The Telegraph
Since 1st March, 1999
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India triggers job jitters in foreign visitors

New York, March 3: Go to India and lose your job. In many permanent missions of the 180-plus member countries of the UN, in the popular watering holes here for UN diplomats and among other analysts and practitioners of diplomacy in the Big Apple, this is the new, much-feared superstition.

It may be silly, but it has been fuelled by a succession of mishaps that have hit international figures immediately after visiting India.

First, there was Paul O’Neill. The Bush administration’s treasury secretary visited India in the third week of November, promising to be the forerunner of several others from economic areas of the administration in Washington.

Within a fortnight of that high-profile visit, O’Neill lost his job and has been replaced by John Snow.

Then came Jorge Castaneda, Mexico’s foreign minister and a close political ally of President Vicente Fox.

Castaneda, too, visited India in the last week of November.

He returned to Mexico, but could not continue in office very long. Castaneda had actually put off his visit to India several times — and kept his job, the jokes now say.

But he finally took the plunge, flew all the way only to New Delhi and has now been replaced by Ernesto Derbez.

Derbez has an India connection too. He was earlier at the World Bank as director of banking and finance for India, Nepal and Bhutan.

But hopefully, that should not prevent him from holding on to his job. That is, they say, as long as he is not tempted to go to India as foreign minister.

On Saturday, Leszek Miller virtually lost his job.

Remember Miller'

He is the Prime Minister of Poland, who was in India from February 15 to 18. Well, during the weekend, the coalition headed by him collapsed over differences on new taxes.

Miller is now hanging on to office as head of a minority government, but is unlikely to overcome challenges from an Opposition, which, albeit fractured, has an overall majority.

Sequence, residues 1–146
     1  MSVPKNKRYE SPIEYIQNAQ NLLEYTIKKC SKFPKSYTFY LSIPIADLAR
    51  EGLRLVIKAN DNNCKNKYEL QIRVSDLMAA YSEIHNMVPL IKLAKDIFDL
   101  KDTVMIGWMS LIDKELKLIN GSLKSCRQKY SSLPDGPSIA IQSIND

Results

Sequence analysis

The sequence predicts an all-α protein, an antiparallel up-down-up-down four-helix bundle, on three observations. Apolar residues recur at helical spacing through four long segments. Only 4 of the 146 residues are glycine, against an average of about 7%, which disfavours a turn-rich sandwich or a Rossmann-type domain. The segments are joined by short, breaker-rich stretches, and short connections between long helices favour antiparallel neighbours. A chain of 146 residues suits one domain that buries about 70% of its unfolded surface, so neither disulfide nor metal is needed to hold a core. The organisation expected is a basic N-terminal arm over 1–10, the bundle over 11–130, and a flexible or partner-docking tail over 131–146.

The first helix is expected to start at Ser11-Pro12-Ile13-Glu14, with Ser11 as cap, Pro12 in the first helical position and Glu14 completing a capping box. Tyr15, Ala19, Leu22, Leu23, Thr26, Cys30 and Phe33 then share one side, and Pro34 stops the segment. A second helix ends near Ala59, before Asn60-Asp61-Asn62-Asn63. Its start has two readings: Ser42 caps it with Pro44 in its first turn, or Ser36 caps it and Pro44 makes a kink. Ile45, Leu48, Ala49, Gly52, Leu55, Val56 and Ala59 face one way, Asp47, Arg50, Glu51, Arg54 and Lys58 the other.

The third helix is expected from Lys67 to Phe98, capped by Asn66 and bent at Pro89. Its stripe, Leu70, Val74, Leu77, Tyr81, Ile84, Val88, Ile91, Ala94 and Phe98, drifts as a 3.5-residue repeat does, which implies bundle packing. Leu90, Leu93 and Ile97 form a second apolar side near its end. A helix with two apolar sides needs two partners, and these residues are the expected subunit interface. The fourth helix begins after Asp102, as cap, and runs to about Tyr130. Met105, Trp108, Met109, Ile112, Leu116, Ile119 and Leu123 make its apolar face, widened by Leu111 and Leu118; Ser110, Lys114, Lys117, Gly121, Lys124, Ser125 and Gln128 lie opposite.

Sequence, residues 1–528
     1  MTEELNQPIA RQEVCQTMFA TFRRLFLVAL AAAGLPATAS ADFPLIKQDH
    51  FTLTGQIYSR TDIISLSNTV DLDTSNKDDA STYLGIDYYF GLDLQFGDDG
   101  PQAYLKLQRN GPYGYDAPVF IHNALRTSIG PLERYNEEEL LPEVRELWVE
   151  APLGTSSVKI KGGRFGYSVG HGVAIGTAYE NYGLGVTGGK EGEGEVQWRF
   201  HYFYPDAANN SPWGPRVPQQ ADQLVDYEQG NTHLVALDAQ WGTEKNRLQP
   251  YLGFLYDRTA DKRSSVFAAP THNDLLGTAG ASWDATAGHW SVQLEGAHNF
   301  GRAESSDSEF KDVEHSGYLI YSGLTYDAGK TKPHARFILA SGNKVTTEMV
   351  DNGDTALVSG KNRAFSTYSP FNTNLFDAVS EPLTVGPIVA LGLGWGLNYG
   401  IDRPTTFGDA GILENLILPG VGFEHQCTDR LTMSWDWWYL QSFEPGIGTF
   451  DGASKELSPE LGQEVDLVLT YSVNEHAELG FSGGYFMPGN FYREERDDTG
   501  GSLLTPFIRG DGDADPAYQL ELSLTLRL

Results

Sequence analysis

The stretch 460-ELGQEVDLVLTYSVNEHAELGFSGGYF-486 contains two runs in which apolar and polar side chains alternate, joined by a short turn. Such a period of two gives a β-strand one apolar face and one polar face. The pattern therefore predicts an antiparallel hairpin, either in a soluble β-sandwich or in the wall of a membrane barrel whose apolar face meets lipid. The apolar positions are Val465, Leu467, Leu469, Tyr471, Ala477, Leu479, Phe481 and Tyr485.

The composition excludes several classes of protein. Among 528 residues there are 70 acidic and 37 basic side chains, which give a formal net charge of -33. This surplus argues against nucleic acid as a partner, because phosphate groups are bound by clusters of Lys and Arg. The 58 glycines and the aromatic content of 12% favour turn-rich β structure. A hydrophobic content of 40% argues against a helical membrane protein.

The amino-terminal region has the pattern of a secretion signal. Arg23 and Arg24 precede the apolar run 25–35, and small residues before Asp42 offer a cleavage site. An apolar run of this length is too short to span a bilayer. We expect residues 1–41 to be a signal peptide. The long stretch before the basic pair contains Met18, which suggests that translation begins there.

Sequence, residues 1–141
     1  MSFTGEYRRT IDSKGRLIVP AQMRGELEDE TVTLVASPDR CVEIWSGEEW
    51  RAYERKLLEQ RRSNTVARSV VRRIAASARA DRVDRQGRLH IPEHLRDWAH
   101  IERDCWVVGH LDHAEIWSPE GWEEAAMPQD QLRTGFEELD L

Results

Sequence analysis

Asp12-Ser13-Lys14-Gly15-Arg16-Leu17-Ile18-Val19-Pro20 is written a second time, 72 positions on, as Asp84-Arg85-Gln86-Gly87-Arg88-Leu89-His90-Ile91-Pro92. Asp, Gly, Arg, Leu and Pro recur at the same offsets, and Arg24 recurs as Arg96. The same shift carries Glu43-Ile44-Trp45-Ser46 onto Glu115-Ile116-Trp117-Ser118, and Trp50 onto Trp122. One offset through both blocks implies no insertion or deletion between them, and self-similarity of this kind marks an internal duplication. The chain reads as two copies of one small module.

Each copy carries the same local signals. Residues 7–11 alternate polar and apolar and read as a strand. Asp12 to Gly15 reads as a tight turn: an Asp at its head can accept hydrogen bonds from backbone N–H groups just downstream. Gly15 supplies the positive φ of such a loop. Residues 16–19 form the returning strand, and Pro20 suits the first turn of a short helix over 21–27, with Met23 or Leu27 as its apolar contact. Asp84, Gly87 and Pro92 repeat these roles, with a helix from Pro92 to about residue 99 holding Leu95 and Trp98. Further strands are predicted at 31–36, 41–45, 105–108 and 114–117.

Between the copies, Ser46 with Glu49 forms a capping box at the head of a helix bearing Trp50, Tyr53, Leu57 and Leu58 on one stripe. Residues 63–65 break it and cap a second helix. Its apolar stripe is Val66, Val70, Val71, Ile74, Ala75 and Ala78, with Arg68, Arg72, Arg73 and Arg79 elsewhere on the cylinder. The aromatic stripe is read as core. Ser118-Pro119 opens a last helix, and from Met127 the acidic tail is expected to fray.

In this city, where diplomats have a huge institutional memory, they cite many more instances to argue that the “Indian shadow” on foreign leaders is nothing new.

The most startling of these cases is that of Boris Shikhmuradov, who rose steadily from a TASS correspondent in New Delhi in the Soviet days to become Turkmenistan’s foreign minister.

Shikhmuradov, a graduate of the famous Diplomatic Academy of the foreign ministry in Moscow and a fluent Urdu speaker, was adopted by India as a close friend in the post-Soviet era as his star was steadily on the rise in Ashgabat.

He visited India and was a regular on the appointment schedule of Indians who travelled to Ashgabat. Well, Shikhmuradov not only lost his job, but is now in jail, convicted of a plot against Turkmenistan’s President, Saparmurat Niyazov.

Does the superstition work in the reverse' There is only one recent example, so a generalisation would be unfair, say diplomats here.

Prime Minister Atal Bihari Vajpayee visited Cyprus last year and his host, Glafcos Clerides, is no longer President of the divided island.

As talk about an “Indian shadow” on world leaders gains ground, anti-war activists in Britain are bound to hope that Prime Minister Tony Blair would repeat his frequent visits to South Asia which he undertook last year as a way now to bring peace in the Gulf.

Better still, why not persuade the Indian government to invite Saddam Hussein to New Delhi if it leads to a regime change in Baghdad without a war' After all, UN secretary-general Kofi Annan did not go ahead with plans he had made earlier to visit India in February!

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